...And to a Lesser Degree...


...And to a Lesser Degree...

I'm here too because I am a bit of a caregiver to my oldest daughter, Heather. She suffers from Panic/Anxiety Disorder.

My husband also suffers from this (although after his bypass surgeries--because of greater blood-flow--he was actually pretty good, for awhile). In all truthfulness, all our children have at one time or another had an episode or two with panic/anxiety. Except for the oldest daughter, all have been able to overcome it without professional assistance or medications.

This sometimes makes it harder for them to deal with their sister. They feel if they could master it, then why can't she? She must "want" to be "sick".

So this started for Heather back in middle school, around puberty, which by research I've done is pretty common. She never really said much but there were days she would seem "jittery" and when I'd take her to school she would feign illness or something.

By her junior year in high school--shortly before the incident at Columbine High School--she asked that we homeschool her. Her reasons? She said she felt uncomfortable in school and a "target" for others (which she had been several times).

After much discussion, we filed the paperwork and brought her home to do her schooling. Thankfully, New Jersey has some pretty laid-back regulations regarding homeschooling. About a week later, Columbine happened and she said, "This is why I want to be  home. I was so afraid something like this would happen here."

She did pretty well after that. She finished up her requirements for a high school diploma and went on to a technical school to receive a certificate in graphic design/photography. She worked for a time in several photography studios, worked some retail and then for a web design company.

She got medical treatment for the anxiety disorder as well. That did not always go as well. While some of the medications worked, they only worked for a short time. Many of them had the side effect of weight gain. At one point, she was probably well over 250 pounds on a 5'6" frame that at one time was slim, trim and athletic.

So she did well for quite a few years. Then about early 2011, she started showing signs again--nervous about going to work and things like that. She used the "excuse" that the boss was treating her more like a secretary than a graphic artist and she wasn't happy. Then she started talking about leaving the job. I encouraged her to make sure she had another job before she left but she didn't.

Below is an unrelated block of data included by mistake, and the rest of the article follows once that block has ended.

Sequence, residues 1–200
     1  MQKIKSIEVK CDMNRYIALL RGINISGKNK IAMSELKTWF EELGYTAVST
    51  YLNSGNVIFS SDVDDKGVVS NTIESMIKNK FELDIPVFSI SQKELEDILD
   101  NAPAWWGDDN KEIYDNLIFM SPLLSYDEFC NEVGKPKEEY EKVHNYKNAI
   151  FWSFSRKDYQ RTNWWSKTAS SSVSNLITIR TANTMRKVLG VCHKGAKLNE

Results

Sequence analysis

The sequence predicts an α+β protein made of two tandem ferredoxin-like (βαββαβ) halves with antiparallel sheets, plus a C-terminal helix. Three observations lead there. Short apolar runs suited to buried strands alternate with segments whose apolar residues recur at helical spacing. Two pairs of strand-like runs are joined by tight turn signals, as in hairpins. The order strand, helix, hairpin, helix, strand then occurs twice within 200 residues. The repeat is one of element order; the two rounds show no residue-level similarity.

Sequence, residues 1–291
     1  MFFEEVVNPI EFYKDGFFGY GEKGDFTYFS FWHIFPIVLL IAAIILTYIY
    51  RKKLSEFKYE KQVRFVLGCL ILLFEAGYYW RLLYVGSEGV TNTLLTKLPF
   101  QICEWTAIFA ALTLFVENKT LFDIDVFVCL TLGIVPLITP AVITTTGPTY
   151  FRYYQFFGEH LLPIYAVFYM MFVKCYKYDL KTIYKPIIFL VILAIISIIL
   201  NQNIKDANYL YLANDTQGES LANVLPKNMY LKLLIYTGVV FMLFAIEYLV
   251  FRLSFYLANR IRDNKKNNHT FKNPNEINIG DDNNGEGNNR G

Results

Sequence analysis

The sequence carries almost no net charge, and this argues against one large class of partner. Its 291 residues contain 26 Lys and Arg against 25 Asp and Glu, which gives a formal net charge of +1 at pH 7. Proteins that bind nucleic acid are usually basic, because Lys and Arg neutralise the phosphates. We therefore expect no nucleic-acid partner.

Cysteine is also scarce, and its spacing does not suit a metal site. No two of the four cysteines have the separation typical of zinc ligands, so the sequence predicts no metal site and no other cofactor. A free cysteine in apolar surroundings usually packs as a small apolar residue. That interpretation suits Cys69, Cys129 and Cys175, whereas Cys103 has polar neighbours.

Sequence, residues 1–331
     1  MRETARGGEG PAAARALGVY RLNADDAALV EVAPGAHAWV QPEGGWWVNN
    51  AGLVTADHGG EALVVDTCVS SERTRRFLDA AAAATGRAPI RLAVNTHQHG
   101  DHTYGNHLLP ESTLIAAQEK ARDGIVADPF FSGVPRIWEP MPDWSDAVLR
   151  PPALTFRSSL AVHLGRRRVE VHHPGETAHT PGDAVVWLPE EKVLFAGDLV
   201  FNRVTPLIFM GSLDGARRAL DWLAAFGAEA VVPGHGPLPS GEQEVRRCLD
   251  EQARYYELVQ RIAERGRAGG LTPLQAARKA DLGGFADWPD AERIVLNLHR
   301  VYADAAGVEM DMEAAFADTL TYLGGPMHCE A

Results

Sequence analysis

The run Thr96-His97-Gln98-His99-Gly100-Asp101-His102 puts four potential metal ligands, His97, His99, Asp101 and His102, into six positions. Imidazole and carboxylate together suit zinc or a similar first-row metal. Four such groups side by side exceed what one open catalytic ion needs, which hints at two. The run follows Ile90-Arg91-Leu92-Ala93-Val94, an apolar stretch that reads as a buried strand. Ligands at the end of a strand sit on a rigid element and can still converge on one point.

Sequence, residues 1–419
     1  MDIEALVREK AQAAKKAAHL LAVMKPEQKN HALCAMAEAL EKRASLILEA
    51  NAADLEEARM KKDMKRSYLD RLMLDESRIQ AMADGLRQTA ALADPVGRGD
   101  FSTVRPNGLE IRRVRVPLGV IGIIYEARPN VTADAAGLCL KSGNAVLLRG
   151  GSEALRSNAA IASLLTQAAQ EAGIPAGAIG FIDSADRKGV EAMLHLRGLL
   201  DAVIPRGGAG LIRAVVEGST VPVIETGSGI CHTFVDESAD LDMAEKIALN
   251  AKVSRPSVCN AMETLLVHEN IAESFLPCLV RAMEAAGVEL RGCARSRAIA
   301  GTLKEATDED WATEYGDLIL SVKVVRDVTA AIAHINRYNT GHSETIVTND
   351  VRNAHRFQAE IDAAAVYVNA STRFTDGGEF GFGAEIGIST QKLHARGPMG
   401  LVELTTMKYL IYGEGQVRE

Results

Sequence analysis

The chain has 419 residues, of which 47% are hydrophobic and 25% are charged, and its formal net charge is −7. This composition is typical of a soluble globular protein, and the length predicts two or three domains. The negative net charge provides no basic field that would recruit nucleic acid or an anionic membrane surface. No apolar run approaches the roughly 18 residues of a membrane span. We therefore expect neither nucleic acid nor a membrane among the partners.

Once home, she claimed she was job-hunting but nothing ever materialized. She helped out at the church often, went out with her sisters, things like that so I never thought it was the anxiety/panic that were the issues again. Slowly, ever so slowly, things changed.

A year ago this past fall, she was able to get to the local clinic and got into a program for mental health and saw practitioners who prescribed new medications yet again. Of the two new ones, neither worked to her liking and she weaned off them. The problem though was that now these meds messed with her mentally and old techniques that had worked in the past for the panic attacks no longer worked.

She started suffering some really major panic attacks, even when trying to go to places that were comfortable and familiar to her. She also started to think about food differently and started changing her eating habits. For example, she'd eat something, feel ill and decide to cut out that food.

By July 2014, she was starting to really be fearful about how she felt about her health and more. It was frustrating for both of us as she sought help. Most of the mental health places she called could only answer that if she wasn't suicidal then they couldn't/wouldn't help. It seemed even in a community such like that, there is ignorance and prejudice or bias. After many, many phone calls, she finally got in touch with a mental health program that would help and the counselor could come to our home.